The third issue of the annual magazine that promotes know-how and technique in design, craft or industry, dedicated to folding.
We fold. Every day, we fold. We fold (or in English, we bend, depending on the context) wood, laundry, metal, cardboard, earth—even our arms and legs. Folds find their way into the hollows of our skin, the corners of our eyes, the movements of the earth… In French, the ripples on water are "folds"... Folds are everywhere.
In crafts and industry, too, folds are the basis of many technical maneuvers: bending, pleating, twisting, forming, bowing, etc. Fans, parachutes, tents, napkins, chairs… objects are unfolded and folded back up. All the time.
So, we fold. But to what end? That's what we set out to understand in the third issue of Tools magazine.
A construction worker bends sheet metal with a portable tool. A pleater pleats cardboard with nimble fingers. A bistro waiter folds cloth napkins each day while waiting for the mealtime rush. A designer uses folds to keep assembly from being too complex. An engineer calculates the weight and reach of the poles of a tent so it can be pitched with a single movement. A seamstress pleats a bed skirt precisely, so it falls just so. A legionnaire learns to iron and crease his shirt. A soldier bends sheet metal to set up prefabricated barracks as quickly as possible.
Sometimes folding is a question of life and death. Take a hastily repacked parachute, for example. It might not deploy correctly on the next jump—and we'll leave the rest to your imagination…
As we were putting issue 3 together, we realized that folding sometimes means conforming: in French, prendre le pli (literally "taking the fold") means to acquire a habit or get used to something, which can be a way of fitting in. The expression se plier aux règles means "to bend oneself to the rules." Our readers will probably encounter more soldiers in this issue of Tools than any other! Indeed, the invention of new folded, bent, and corrugated materials has sometimes stemmed from a need for temporary camps or emergency infrastructure.
In this issue, you'll also find nomadic lifestyles and folds made in contexts of urgency, like when someone pitches a tent on the sidewalk because they have nowhere else to go. Folding and unfolding can be a way to protect ourselves, to seek shelter.
You'll also get a glimpse of the immense spans of time contained in each of our folds: humans have been folding for a very long time, ever since the first tools and togas. The fold is part of our shared cultural history, for example in the form of draped garments. In modern, industrial times, the fold became the way to reconcile our increasingly urban and sedentary lives with our desire for movement, like a bridge between past and present. The fold saves room in our city apartments, helping us bring new objects into increasingly small spaces—as though we were snails carrying our homes on our backs, or would soon be tying our belongings to the roof of a car.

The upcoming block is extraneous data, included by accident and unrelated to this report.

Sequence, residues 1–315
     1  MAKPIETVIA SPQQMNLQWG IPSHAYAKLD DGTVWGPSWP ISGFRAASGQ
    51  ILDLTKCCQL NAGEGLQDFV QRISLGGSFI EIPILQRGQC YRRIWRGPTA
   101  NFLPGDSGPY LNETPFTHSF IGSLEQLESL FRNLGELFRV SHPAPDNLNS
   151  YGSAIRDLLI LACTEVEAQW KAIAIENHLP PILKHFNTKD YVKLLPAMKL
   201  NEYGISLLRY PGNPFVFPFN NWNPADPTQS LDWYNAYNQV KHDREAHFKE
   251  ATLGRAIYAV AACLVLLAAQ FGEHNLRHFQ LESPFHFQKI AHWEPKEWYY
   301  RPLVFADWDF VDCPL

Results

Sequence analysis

In a way, we could say that the fold is located on the border between two opposing forces: order and disorder. In the middle, there's a tenuous equilibrium: as long as we're folding something, we haven't broken it.
So, yes, we fold, but sometimes we stop. Either because we can't manage it anymore, or simply because we no longer want to. In this issue, there are also people who break the mold by crumpling, like the teenager who feels at home in the disorder of her own making.
We hope our readers will be as amazed as we are by the immense potential of folds to build worlds, but also that they'll realize we sometimes need an escape from folding, order, and measurements. If even Marie Kondo, the queen of organization, no longer folds her socks, then we all have the right to let go now and then…
Tools magazine is the brainchild of Clémentine Berry, who also founded the Twice art direction studio in Paris. This annual publication aims to simultaneously promote and investigate the details of manufacturing techniques and expertise used in art, design, interior architecture, industry and trade. Each issue focuses on a particular technique (moulding, folding, etc.), and the theme is used to select feature subjects and pieces, as well as the persons interviewed. Tools is crafted as a comprehensive inventory of design techniques. Weaving together past and present, it draws on history to illustrate how techniques have been handed down through the ages, paying homage to the creators behind the cult objects we use in our everyday lives, and whose work embodies the stories that lie at the very genesis of our shared human ingenuity.